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Broken Hegemonies
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"... a book of striking originality and depth, a brilliant and quite new interpretation of the nature and history of philosophy." -- John Sallis

In Broken Hegemonies, the late distinguished philosopher Reiner Schürmann offers a radical rethinking of the history of Western philosophy from the Greeks through Heidegger. Schürmann interprets the history of Western thought and action as a series of eras governed by the rise and fall of certain dominating philosophical ideas that contained the seeds of their own destruction. These eras coincided with their dominant languages: Greek, Latin, and vernacular tongues. Analyzing philosophical texts from Parmenides, Plotinus, and Cicero, through Augustine, Meister Eckhardt, and Kant, to Heidegger, Schürmann traces the arguments by which these ideas gained hegemony and by which their credibility was ultimately demolished. Recognizing the failure of ultimate norms, Broken Hegemonies questions how humanity today is to think and act in the absence of principles.

Table of Contents

  1. Cover
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  1. Title Page, Copyright Page, Dedication Page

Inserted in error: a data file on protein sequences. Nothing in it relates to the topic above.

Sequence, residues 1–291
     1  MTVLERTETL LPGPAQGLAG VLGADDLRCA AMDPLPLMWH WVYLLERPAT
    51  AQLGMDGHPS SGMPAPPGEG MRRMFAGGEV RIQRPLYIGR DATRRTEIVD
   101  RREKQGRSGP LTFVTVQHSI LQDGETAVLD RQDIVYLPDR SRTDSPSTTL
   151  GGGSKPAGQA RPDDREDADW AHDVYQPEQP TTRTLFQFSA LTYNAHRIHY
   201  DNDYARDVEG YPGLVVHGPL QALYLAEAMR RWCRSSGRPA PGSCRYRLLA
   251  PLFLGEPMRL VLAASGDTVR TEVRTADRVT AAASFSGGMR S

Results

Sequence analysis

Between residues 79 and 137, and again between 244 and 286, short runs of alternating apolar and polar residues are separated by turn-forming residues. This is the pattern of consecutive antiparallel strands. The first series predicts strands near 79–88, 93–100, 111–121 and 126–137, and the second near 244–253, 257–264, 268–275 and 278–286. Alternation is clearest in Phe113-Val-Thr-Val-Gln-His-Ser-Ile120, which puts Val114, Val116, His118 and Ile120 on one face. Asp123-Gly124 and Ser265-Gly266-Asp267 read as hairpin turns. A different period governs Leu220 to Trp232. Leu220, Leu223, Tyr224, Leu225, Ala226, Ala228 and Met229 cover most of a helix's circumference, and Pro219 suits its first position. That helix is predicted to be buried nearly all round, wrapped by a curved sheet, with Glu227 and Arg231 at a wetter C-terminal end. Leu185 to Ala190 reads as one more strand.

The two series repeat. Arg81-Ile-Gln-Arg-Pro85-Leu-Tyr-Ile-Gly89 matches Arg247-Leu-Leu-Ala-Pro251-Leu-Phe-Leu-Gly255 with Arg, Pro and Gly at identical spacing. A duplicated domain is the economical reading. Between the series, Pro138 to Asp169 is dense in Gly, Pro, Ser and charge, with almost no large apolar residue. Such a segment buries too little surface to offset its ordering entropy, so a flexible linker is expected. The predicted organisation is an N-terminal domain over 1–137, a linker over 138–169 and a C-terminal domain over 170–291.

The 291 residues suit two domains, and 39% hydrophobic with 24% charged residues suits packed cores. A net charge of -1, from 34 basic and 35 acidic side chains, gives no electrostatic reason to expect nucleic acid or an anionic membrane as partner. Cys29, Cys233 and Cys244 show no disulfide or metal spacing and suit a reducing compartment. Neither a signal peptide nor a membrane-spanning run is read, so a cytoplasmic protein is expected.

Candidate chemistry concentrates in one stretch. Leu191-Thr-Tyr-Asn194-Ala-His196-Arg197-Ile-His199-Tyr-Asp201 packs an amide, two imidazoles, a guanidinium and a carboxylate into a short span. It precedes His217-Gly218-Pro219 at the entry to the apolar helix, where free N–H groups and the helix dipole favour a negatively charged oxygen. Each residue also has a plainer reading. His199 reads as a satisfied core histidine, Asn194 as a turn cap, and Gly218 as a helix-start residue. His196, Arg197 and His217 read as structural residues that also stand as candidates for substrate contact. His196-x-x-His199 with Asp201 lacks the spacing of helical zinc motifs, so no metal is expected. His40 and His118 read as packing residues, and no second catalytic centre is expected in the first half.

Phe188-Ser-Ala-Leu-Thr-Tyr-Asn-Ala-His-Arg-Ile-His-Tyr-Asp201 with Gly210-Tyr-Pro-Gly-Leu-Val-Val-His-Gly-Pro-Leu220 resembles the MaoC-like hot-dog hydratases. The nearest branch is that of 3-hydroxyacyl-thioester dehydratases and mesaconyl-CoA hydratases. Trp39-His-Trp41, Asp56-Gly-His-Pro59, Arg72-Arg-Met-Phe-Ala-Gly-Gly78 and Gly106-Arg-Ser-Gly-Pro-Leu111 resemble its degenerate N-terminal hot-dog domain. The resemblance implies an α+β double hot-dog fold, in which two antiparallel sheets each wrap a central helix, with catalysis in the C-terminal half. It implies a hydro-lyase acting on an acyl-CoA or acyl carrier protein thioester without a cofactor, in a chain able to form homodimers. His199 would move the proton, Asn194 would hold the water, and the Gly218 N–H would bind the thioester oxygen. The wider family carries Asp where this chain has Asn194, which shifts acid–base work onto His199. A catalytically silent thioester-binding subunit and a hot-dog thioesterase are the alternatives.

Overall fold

2. pp. v-vii
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  1. CONTENTS
  2. pp. ix-xii
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  1. TRANSLATOR'S REMARKS
  2. p. xiii
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  1. VOLUME ONE
  2. p. 1
  1. General Introduction
  2. pp. 3-48
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  1. PART ONE: In the Name of the One: The Greek Hegemonic Fantasm
  2. p. 49
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  1. I. Its Institution: The One That Holds Together (Parmenides)
  2. pp. 51-54
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  1. CHAPTER 1: Contradictories: Their Juxtaposition and Their Confusion
  2. pp. 55-70
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  1. CHAPTER 2: Contraries: The Ground for Obligation
  2. pp. 71-94
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  1. CHAPTER 3: On Power and Forces: The Normative System
  2. pp. 95-109
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  1. CHAPTER 4: Henology Turned against Itself?
  2. pp. 110-121
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  1. CHAPTER 5: The Disparate: Narrative of a Journey
  2. pp. 122-135
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  1. II: Its Destitution: The One Turned against Itself (Plotinus)
  2. p. 137
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  1. Introduction
  2. pp. 139-142
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  1. CHAPTER 6: The Temporalizing Event
  2. pp. 143-160
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  1. CHAPTER 7: The Singularizing Contretemps
  2. pp. 161-188
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  1. PART TWO: In the Name of Nature: The Latin Hegemonic Fantasm
  2. pp. 189-200
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  1. I: Its Institution: The Principle of Telic Continuity (Cicero and Augustine)
  2. pp. 201-203
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  1. CHAPTER 8: Concerning Singular Given Natures